Correct. As I mentioned, 802.11n is all about speed. If you don't need more speed than 802.11g can provide, then a compatible 802.11n card will suffice. I also couldn't find one for 5.6GHz that does Pre-802.11n Draft 2. However, if you don't need the speed, or need range instead, just get an 802.11a PCI card.
I'm not sure where they obtained those numbers but there's a bit of misinformation buried in them.
There are two type of technology specified in Pre-802.11n Draft 2.
One is beam forming, where a smart antenna attempts to put the antenna gain in the direction of the wireless client, while simultaneously putting nulls in the direction of interference. The antenna gain of such systems is considerably more than the commodity 2dBi coaxial antenna, and you might get 70 to 250 meters if everything were perfect. However, the beam forming technology does not offer much in the way of speed improvement over 802.11a/g at 25Mbits/sec max thruput. Some models will do Super-G, Turbot-G, Afterburner, and whatever to get to perhaps 50Mbits/sec, but such non standard technologies are NOT part of 802.11n. Otherwise, the beam forming flavor of 802.11n will work with literally any commodity 802.11a/g client and does not require anything special in the client.
The other method is spacial multiplexing. This is where the access point and the client have multiple radios, which transmit individual data streams on each radio, simultaneously, and possibly on the same frequencies. In theory, if each data stream takes a different path, the data will not arrive simulaneously at the receiving end, thus magically preventing interference between data streams. (I'm not sure I completely understand how it works so treat my explanation with suspicion). Under idea conditions, 3 radios will give you 3 times the thruput. The problem is that it doesn't magically give you any improvement in range over a single radio. Just more bandwidth.
The spacial mux crowed couldn't seem to achieve 3 times the thruput, so they cheated. Instead of the xmit spectra occupying the usual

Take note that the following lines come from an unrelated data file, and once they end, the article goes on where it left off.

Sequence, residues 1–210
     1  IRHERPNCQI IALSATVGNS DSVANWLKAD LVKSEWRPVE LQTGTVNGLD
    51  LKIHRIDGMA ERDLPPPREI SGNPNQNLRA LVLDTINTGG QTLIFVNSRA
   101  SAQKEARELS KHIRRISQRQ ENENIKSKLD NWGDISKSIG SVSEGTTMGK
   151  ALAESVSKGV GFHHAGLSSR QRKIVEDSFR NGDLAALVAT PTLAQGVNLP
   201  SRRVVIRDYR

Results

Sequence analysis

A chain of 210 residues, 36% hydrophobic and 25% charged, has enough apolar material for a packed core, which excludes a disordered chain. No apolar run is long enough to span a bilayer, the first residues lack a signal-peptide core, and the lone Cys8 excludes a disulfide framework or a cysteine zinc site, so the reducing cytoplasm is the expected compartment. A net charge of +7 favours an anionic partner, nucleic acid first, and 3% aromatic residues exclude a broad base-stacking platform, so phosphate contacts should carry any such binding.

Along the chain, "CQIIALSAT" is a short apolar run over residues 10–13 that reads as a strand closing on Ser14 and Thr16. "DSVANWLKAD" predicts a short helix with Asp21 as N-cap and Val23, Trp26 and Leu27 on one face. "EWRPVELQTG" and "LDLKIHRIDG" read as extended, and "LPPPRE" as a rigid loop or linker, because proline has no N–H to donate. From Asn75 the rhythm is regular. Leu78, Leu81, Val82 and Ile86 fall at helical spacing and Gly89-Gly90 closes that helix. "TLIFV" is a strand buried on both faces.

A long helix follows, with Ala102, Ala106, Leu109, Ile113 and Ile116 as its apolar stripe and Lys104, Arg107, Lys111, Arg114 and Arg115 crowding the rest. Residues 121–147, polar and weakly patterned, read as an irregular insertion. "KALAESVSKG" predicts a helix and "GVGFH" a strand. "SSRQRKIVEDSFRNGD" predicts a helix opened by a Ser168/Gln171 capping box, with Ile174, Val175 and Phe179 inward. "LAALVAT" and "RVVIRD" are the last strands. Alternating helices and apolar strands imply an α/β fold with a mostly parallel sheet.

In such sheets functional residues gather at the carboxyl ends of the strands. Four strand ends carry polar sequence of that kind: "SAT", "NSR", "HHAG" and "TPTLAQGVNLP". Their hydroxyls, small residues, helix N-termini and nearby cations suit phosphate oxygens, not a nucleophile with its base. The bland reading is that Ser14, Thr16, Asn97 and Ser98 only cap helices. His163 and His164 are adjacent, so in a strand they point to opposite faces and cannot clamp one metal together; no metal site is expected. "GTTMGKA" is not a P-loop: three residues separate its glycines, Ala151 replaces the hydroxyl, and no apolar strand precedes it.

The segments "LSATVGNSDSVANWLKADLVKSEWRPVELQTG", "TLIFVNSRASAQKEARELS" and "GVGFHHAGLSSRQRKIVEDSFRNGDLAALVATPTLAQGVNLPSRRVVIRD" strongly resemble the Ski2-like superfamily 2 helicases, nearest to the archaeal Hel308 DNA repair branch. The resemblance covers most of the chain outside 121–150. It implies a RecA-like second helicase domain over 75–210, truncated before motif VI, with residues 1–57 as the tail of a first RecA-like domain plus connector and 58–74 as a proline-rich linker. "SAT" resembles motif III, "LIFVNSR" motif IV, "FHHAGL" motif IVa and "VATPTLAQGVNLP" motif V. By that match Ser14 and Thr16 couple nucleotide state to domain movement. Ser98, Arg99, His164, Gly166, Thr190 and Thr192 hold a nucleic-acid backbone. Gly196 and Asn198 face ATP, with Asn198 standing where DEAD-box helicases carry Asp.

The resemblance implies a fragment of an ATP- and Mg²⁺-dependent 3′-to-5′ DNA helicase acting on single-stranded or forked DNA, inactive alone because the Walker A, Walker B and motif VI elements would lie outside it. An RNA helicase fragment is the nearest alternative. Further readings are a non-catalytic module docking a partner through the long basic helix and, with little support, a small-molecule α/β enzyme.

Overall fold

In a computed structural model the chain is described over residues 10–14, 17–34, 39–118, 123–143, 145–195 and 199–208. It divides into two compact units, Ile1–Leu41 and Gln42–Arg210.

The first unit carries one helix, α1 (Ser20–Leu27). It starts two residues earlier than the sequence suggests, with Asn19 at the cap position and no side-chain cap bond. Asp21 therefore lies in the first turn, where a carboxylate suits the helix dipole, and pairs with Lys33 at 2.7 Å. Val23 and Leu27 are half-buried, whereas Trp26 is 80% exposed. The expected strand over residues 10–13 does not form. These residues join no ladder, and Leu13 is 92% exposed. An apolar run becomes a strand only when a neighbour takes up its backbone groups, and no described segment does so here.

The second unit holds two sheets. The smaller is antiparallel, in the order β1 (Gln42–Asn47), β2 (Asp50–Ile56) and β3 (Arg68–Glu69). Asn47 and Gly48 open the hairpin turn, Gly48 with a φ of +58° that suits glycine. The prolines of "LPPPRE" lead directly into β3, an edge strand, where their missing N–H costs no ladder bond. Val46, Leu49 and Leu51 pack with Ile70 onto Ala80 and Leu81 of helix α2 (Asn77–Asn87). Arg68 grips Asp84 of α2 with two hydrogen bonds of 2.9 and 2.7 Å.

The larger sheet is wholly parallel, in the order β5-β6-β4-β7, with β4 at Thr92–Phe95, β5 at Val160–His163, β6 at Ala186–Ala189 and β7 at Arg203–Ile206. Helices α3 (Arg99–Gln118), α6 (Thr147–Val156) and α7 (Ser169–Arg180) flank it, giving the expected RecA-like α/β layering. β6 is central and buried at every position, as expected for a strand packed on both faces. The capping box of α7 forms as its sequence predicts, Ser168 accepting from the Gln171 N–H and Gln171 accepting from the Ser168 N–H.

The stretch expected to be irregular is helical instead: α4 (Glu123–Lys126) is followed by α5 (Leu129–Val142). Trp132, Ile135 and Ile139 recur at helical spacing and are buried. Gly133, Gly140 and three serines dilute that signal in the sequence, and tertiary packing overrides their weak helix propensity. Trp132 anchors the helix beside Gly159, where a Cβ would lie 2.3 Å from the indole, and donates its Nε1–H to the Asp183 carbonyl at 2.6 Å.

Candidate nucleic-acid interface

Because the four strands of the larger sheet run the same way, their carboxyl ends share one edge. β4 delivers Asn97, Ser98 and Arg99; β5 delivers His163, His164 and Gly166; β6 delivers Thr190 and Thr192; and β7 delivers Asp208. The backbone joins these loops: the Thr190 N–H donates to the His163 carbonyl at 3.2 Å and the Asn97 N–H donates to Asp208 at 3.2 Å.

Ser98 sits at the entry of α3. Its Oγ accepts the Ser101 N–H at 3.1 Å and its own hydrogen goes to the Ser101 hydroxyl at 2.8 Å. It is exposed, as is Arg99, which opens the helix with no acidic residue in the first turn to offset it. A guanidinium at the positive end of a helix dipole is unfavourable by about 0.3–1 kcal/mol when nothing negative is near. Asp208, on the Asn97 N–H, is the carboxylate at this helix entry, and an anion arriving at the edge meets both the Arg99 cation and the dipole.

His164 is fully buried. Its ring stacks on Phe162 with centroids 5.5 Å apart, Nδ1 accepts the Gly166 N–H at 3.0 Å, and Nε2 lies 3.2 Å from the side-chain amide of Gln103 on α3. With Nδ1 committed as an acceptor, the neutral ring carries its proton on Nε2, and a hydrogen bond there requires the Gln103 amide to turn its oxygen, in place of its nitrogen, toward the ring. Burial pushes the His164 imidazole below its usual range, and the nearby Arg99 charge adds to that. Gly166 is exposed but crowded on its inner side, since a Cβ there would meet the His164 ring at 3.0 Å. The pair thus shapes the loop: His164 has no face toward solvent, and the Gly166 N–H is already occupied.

20Mhz, they increased it to 40MHz bandwidth. The also crammed in 54 OFDM carriers, in place of 802.11a/g 48 carriers. This gave them more than double the thruput per channel, which makes the spacial mux suitable for video. In theory, it can go 600Mbits/sec:
However, you can get those impressive speeds only at short range. Pre-802.11n Draft 2 spacial mux technology really doesn't like interference, frequency selective fading, leagacy wi-fi, and long path delays. The exception is multipath, with 802.11n spacial mux
*REQUIRES* to operate. Just about anything else in the 2.4Ghz band will degrade the thruput. The junk increases the bit error rate which causes the wireless router to slow down. If configured for 802.11a/g compatibility, it will switch to 802.11a/g mode, essentially disabling all the wonderful MIMO features for which you paid good money.
About the only situation where 802.11n spacial multiplexing makes sense, is an enclosed area (i.e. a room), with both the wireless router and client in the same area, and streaming HDTV video through the link.
Do you intend to use both of the 600N radios at once ?
I think that we are all trying to understand the importance of N to you if you don't want to use 2.4 Ghz band ?
And if you intend to use A, then there are countless adapters.
Unless, that is, you do intend to run both radios at once?
I have a client that fixes on optimization of a certain concept (in this case, using all possible wifi bands), often without knowing why or if he will really want/need to do all the things he insists he must be able to do.
No offense intended, just a reality check. Once you achieve the holy grail, will you really use both bands? I believe that you will need two cards to do both bands simultaneously in any case.
No I just need one fast reliable channel, two would be nice but like I said the 2.4GHz channel is just to crowded.
Ya.. Gimme Gimme. :)
No like I said, I wasn't aware that 802.11a was 5Ghz, but it isn't as fast as n... but that's a whole other discussion. I can't use 2.4Ghz because its just become to cluttered. Linksys makes a dual band USB key, but I can't use it because it will just end up being stolen. Linksys will produce a card, but when I don't know. Till then I'm stuck with 802.11a...
My typos, or the Wikipedia article mistakes? I noticed (after posting) that there are few numbers that are wrong. The author(s) mixed up over the air rates and connection data rates. The following are connection data rates:
If they mean maximum THRUPUT rates, it should be:
It's also different between TCP and UDP traffic. See:
As for the ranges shown, the tables are backwards. The longest range should be at the slowest speeds.